You will be able to read about the “Grace of God and Suffering” by David Powlison, discover “Hope…The Best of Things” along with the ever-hopeful Joni Eareckson Tada, and see “The Hand of God in the Hurt Others Do To Us” with Mark Talbot. Of course, John Piper will set your sights high above your trials and on the glorious sovereignty of God. Each of these authors (and there are more!) write from a personal experience of suffering. But more importantly, they write from a personal experience of God in the midst of suffering.
As John Piper writes: “My prayer for this book is that God would stand forth…and show us his crucified and risen Son who has all authority in heaven and on earth, and waken in us the strongest faith in the supremacy of Christ, and the deepest comforts in suffering, and the sweetest fellowship with Jesus that we have ever known.”
So, mark your calendars for September 7 and be among the first to purchase this book. As for myself, I can’t wait to be instructed and comforted by these trial-tested, God-glorifying men and women.
I want to send a heart-felt “thank you” out to all of you who have prayed for me recently. I just returned from a weekend women’s conference in Charlotte, NC (I’ll fill you in on my time there in a couple of days) and tomorrow I am speaking at the first of three Titus 2 Tuesdays at Covenant Life Church. I continue to covet your prayers!
Among many memorable moments this past weekend, I spent time with a group of pastors’ wives at a luncheon. One of the questions these women asked was “how do we best help people walking through difficult and challenging circumstances?” It’s a question I receive often and one I never feel qualified to answer. What do you say to a person you are visiting in the hospital or do for a friend in a protracted family conflict? Just offering sympathy and quoting a verse can seem so inadequate.
There are many ways that we can and should extend care to individuals experiencing suffering. However, as I told these ladies, one simple way to serve them is by introducing them to wise, suffering-tested friends in the form of books.
Godly men and women who have spent time studying Scripture in depth on the topic of suffering, often experienced suffering themselves, and then written about it, are uniquely equipped to serve those in trial. They can walk with them, holding their hand if you will, through the questions, the struggles, and the pain—leading them ultimately to the Savior.
Several months back, following Hurricane Katrina, Nicole wrote a post recommending some resources on the topic of suffering. I’ve reposted it here by way of suggestion. To this list I would also add the book Janelle mentioned last week, Is God Really In Control? Trusting God in a World of Hurt? by Jerry Bridges.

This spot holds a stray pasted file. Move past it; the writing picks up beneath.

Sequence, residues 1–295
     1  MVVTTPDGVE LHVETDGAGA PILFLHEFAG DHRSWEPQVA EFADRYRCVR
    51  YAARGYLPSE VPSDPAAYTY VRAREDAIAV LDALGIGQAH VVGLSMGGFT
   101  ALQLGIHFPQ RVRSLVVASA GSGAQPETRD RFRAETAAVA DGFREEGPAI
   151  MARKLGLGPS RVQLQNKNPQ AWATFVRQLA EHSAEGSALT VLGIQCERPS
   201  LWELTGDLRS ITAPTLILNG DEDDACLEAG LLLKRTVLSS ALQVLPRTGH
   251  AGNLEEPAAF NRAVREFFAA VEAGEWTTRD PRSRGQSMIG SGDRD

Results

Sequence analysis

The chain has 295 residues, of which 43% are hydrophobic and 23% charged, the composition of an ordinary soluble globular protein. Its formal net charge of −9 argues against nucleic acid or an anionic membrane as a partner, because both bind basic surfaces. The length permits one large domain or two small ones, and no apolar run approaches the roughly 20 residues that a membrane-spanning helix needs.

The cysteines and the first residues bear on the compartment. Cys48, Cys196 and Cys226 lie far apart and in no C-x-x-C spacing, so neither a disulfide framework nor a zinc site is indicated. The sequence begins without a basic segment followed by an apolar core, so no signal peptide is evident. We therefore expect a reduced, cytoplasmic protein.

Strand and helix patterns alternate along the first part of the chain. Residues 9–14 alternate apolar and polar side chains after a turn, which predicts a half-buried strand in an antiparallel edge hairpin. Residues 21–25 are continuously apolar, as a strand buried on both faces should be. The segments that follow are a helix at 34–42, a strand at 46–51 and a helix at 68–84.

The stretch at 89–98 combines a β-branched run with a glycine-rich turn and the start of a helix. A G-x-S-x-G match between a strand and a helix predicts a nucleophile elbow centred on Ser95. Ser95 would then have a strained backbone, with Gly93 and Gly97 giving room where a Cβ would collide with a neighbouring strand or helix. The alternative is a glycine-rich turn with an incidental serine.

Along with personal expressions of care and love, books such as these can truly be a great kindness to a suffering friend.
September 06, 2005
Preparing to Suffer
Whether or not we are suffering in the wake of Hurricane Katrina this week, author D.A. Carson points out that “The truth of the matter is that all we have to do is live long enough and we will suffer.” It’s not a question of “if” but merely of “when” we will suffer. Similarly, John Piper notes that: “We all will suffer; we all must suffer; and most American Christians are not prepared in mind or heart to believe or experience this.”
Just as the time to shore up the levies protecting the city of New Orleans was before the hurricane hit, so the ideal time for each of us to prepare for suffering is before its howling winds swirl around us.
So how do we prepare our minds and hearts to experience suffering? We must dig deep into God’s Word to shore up our spiritual foundations. And as an expression of His tender mercy, God has provided us with numerous helpful resources that expound His Word as it relates to suffering and applies these truths to our hearts. Here is our short list of the most excellent resources on this oft-neglected but desperately needed topic:
How Long O Lord: Reflections of Suffering and Evil
Besides my dad’s opinion that this is the best book on suffering available today, I’ll let a quote from this book by D.A. Carson serve as it’s endorsement “In the darkest night of the soul, Christians have something to hang onto that Job never knew. We know Christ crucified. Christians have learned that when there seems to be no other evidence of God’s love, they cannot escape the cross. ‘He who did not spare his own Son, but gave him up for us all—how will he not also, along with him, graciously give us all things?’ (Rom. 8:32).”
When God Weeps: Why Our Sufferings Matter to the Almighty
From a life of intense personal suffering as a parapalegic, Joni Eareckson Tada along with co-author Steve Estes take us to the foot of the cross to view our own sufferings in light of the ultimate sacrifice of our Savior.
The Journal of Biblical Counseling